Meyer agrees that less sitting and more walking will make a big difference. “If you have virtual meetings, use the beginning and the end of that meeting as an opportunity to walk the block or take out the trash, or maybe there is a place somewhere nearby that you would like to go,” he says. “You could go there and go back just to get the same habit of changing your sitting habits.”
Another approach that many people are now using is the “virtual commute,” he adds, “where they walk around their home or neighborhood at the start of the day to commute to work.” And at the end of the day you can walk again.
Cha Pornea for NPR
5-minute workouts add up
If you’re having a hard time blocking part of your day off for walks or other exercise, try spending just a few minutes exercising every hour, suggests McDonald.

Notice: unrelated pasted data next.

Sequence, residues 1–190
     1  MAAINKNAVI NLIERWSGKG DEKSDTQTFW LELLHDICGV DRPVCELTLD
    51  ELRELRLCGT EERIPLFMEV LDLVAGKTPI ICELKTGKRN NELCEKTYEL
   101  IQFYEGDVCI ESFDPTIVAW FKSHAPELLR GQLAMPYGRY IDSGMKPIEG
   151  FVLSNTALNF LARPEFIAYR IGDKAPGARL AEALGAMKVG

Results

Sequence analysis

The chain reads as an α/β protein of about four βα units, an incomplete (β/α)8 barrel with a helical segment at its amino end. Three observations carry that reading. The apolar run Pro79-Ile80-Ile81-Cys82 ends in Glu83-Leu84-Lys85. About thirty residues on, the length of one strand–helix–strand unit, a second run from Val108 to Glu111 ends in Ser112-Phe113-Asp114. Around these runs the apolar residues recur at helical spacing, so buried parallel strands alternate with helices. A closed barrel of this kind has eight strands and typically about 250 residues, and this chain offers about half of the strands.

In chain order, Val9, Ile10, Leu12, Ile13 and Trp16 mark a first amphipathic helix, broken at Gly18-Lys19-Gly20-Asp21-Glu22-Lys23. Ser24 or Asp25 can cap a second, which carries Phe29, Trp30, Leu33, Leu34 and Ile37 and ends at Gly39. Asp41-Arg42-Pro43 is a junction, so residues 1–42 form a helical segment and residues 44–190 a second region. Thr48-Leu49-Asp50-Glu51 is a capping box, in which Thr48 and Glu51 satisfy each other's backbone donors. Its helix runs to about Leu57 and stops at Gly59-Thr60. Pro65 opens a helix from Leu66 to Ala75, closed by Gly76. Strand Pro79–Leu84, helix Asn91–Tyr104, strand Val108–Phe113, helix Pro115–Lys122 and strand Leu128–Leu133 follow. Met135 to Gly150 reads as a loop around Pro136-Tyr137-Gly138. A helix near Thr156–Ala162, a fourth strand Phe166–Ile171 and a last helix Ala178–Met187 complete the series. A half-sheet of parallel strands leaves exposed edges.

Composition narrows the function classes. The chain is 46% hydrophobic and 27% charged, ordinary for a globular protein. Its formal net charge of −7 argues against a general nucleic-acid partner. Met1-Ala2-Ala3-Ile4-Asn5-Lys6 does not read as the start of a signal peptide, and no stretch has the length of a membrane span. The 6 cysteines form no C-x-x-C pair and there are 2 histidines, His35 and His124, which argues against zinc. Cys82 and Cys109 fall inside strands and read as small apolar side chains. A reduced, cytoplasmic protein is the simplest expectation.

“If you have five minutes every hour, that adds up over the day,” she says.
Just add it to your calendar and set a timer for 5 minutes, she adds. For an eight-hour day, that’s 40 minutes a day.
“That’s 40 minutes of doing something, and it wasn’t a 40-minute piece to get out of your day,” she says. Health guidelines recommend at least 150 minutes moderate exercise every week. And these 40 minute daily activities will help meet the weekly goal, she adds.
Increase the intensity in short doses
Light exercise around the house is a good start, but “Every minute of higher-intensity activity is associated with better health outcomes than every minute of lower-intensity activity,” says Meyer. “So if you have five minutes, the more you can do in those five minutes, the better.”
If you want to do more intense short workouts, start with squats, lunges, pushups, and planks, says McDonald.
“A lot of bodyweight exercises are really well distributed throughout the day, [and] help with the circulation. “
If you’ve never done these exercises before, she suggests starting with squats.
“This is a great place for anyone to start,” she says. “Just lean your back against the wall, bend your knees, and see how comfortable you are.”